Marcel Proust I ventured onto Swann's Way two or three times before a pal challenged me to read the whole of the novel with him. Every Wednesday on his way to the law office where he was a low-level attorney, he would stop by my rented room (it had a kitchen and bath but wasn't really an apartment). We would drink coffee, smoke(!), and talk about Proust. Egging each other on in this fashion, we both finished the novel before the year was out.

Ten years later, I read the novel again—and aloud—to my wife over the course of two winters. (One of the French deconstructionists, arguing that one can't just study a novel by itself, because it's a collaborative venture between the author and the reader, cinched his case by pointing out: "After all, who has read every word of À la recherche du temps perdu?" It pleased me hugely to be able to say, if only silently, "I did!")

That was the handsome, two-volume Random House edition of the novel, entitled Remembrance of Things Past, the first six books rendered into English by Charles Scott Moncrieff and the seventh by Frederick Blossom. (Scott Moncrieff died before finishing his task, which is probably the reason Penguin decided to employ seven different translators for its 21st century Proust.) When Kilmartin's reworking came out in the 1990s, I acquired that, too, but only read pieces of it—notably book seven, The Past Recaptured, greatly improved over the rather lame Blossom translation. Otherwise, however, Remembrance of Things Past was still hobbled by the post-Victorian prose of Scott Moncrieff.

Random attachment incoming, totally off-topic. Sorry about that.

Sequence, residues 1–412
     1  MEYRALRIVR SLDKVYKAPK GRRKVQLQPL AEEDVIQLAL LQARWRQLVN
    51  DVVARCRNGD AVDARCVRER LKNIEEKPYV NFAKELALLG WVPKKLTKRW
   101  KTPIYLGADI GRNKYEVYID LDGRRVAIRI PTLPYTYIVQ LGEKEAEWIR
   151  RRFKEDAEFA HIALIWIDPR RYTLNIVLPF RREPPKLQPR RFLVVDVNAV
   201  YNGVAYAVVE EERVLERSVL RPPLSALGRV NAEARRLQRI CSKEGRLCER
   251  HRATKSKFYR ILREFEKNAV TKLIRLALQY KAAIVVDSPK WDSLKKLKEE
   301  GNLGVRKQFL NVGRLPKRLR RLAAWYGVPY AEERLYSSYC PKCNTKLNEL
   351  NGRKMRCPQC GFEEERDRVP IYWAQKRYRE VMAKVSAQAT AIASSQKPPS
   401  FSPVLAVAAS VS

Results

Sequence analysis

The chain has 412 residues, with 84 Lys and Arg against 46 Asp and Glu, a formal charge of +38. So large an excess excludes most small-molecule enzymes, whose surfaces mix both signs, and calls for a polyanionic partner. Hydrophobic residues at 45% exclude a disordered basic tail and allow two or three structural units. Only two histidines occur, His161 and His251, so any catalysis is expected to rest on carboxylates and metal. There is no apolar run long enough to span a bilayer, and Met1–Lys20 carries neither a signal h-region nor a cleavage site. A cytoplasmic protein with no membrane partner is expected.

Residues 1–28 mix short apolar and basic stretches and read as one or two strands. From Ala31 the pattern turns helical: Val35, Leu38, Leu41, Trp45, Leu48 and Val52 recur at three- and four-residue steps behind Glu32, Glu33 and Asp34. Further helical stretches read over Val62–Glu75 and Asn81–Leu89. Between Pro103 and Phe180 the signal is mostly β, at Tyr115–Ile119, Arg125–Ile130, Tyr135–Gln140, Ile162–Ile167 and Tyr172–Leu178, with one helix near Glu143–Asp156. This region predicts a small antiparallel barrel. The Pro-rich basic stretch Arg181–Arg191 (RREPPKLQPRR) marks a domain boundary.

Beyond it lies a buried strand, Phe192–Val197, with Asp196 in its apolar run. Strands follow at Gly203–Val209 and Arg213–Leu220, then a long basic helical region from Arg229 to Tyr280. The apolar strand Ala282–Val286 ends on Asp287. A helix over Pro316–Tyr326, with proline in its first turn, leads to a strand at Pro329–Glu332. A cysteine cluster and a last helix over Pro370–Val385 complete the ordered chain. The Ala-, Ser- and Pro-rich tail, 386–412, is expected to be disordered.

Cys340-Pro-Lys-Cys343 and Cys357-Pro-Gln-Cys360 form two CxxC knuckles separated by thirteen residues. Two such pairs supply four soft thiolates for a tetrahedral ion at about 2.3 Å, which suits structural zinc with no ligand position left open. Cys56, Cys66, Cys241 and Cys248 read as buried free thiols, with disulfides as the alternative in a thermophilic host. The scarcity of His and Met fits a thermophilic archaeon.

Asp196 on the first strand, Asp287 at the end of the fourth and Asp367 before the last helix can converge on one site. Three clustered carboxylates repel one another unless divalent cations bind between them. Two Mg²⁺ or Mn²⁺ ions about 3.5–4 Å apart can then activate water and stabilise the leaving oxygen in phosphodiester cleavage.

Then came the new Penguin editions, the first four volumes of which have now been published in the U.S. by Viking. After reading a rave review of vol. 2—In the Shadow of Young Girls in Flower—I realized that I would have to read it. On second thought, I decided to start from the beginning with the new Swann's Way. It was a good decision. Lydia Davis did a wonderful job with the first volume, and by the time I'd lulled Little Marcel to sleep (on page 43 in this edition), I knew that I was once again in for the long haul. So I set out to acquire a complete set of hardcover books—not so easy, as matters turned out! I read them in sequence, and I have reported on them here.

(And now of course it begins again, as Yale University Press begins to issue the Scott Moncrieff translations as modernized and Americanized by William Carter, author of two fine studies of Proust. Swann's Way was published in 2013, its centenary year, with In the Shadow of Young Girls in Flower promised for this October. I've read the first and can't wait for the second....)